I used to hate writing rough drafts. I still kind of do – there’s this element of perfectionist in my personality that assures me, when I finish writing up an initial draft, that I did a good job and no further revisions are needed. As I learned more about game design, however, I understood the power of iteration – continuing to improve upon one’s work until it is no longer merely good but rather excellent.
The more you playtest, the better your game will be. This is an unavoidable fact of experience design – we are all good at imagining, but to get it right, you need concrete data. (Much like what separates science from science ficiton.) I understood this intuitively when I started venturing into game design, because when you are creating a game for a known audience – yourself or others, doesn’t really matter – a large part of the game design is getting and responding to feedback. Not just stated feedback, also the feedback of emotion and reaction that sometimes give insight into revealed preferences on the part of the players.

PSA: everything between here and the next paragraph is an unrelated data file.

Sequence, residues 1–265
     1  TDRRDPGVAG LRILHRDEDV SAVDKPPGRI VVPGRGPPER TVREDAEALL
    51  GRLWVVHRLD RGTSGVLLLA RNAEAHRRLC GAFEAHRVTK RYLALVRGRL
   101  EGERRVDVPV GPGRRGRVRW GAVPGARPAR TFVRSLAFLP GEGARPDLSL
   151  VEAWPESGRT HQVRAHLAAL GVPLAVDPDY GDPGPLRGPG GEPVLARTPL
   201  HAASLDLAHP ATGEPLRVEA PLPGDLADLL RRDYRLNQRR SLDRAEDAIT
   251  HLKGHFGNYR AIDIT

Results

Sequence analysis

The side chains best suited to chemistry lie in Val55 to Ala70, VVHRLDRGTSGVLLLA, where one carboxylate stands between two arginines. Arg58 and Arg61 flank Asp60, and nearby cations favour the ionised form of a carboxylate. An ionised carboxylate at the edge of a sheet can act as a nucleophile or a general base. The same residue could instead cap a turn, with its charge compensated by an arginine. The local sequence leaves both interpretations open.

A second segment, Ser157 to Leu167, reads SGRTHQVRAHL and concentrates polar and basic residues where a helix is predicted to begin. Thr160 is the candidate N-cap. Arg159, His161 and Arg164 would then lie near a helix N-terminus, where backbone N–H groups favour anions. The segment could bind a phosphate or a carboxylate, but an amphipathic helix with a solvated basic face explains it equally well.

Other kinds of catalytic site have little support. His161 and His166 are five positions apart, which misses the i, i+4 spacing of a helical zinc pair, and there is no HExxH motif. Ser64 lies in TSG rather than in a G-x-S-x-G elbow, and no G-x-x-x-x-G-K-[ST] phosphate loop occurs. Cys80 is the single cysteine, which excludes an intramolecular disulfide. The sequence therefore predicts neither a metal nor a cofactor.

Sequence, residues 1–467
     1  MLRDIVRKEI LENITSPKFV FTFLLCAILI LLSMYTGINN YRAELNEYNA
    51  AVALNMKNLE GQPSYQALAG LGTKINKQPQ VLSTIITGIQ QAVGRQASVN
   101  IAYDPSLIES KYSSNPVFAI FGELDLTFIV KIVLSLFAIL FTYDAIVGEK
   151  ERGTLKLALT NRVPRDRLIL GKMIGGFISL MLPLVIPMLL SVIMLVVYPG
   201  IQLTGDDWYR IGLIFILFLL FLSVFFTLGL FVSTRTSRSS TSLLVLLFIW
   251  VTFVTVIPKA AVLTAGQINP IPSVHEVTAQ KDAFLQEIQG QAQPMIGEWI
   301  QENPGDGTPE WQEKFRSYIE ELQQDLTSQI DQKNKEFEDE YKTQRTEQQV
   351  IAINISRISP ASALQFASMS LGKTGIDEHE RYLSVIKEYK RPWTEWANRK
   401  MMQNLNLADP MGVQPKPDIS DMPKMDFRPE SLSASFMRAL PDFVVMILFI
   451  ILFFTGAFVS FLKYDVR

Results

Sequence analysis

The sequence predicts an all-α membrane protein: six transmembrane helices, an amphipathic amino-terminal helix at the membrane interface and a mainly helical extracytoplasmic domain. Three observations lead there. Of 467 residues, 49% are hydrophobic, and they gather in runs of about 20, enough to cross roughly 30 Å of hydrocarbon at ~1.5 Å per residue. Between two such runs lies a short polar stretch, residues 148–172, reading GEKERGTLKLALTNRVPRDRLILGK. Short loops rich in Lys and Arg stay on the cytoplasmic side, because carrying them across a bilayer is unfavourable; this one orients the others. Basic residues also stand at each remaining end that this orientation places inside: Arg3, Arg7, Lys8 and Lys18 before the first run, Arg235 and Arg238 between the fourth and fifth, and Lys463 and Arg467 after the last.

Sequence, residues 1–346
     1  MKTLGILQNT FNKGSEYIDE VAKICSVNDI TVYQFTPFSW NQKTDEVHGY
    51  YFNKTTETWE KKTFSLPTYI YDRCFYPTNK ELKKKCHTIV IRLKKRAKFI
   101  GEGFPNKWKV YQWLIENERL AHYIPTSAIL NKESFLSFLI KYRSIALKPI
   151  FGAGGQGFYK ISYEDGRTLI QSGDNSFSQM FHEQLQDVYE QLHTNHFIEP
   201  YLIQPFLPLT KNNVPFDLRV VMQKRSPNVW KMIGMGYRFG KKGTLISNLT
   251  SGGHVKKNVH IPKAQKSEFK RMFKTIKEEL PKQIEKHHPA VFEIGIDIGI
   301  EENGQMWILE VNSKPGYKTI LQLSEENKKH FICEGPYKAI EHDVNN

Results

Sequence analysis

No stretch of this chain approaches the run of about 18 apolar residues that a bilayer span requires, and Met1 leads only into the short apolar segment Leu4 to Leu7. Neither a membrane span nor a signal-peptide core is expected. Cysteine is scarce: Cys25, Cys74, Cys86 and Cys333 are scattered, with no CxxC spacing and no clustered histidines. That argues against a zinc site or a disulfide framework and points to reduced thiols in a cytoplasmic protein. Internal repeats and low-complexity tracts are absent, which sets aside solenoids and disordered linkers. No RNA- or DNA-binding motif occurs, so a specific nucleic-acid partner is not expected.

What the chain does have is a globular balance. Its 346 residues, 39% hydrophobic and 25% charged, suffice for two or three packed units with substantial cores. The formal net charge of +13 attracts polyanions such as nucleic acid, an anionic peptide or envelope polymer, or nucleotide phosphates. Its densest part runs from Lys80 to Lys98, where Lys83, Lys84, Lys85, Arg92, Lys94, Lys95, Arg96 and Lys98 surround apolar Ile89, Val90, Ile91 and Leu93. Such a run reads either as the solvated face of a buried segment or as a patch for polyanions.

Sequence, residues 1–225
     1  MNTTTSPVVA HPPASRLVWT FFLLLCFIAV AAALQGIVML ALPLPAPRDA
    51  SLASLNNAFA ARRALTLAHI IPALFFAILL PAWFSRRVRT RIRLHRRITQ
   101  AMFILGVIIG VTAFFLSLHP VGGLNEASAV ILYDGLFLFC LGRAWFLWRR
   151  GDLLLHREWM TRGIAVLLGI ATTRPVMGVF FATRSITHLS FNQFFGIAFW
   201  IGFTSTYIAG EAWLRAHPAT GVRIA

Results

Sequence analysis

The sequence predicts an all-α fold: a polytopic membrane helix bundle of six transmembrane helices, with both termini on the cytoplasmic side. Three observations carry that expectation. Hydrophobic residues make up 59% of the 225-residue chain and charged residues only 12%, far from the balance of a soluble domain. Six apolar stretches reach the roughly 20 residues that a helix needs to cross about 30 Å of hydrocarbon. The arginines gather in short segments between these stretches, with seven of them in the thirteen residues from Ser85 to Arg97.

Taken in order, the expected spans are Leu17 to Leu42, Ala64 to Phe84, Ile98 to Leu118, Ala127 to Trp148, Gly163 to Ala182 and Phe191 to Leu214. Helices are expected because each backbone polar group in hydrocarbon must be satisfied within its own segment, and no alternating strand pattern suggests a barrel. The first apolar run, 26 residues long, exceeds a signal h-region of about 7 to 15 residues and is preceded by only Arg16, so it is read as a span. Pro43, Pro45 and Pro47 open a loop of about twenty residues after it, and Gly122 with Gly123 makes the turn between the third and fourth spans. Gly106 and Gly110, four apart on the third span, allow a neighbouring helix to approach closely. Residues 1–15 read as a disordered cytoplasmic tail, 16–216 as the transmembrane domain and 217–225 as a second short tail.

I used to get really defensive about the expression “nobody gets it right the first time,” implying that my first-draft masterpieces were just everyone else’s first-drafts (yes, also I have an element of arrogance to my personality about aptitude). I prefer to think of it as follows: all game designs start with the kernel of greatness, and by constantly playing and testing and changing, the designer peels away more and more unnecessary bits, and adds pieces that accentuate the greatness that’s there. As you refine, the greatness grows.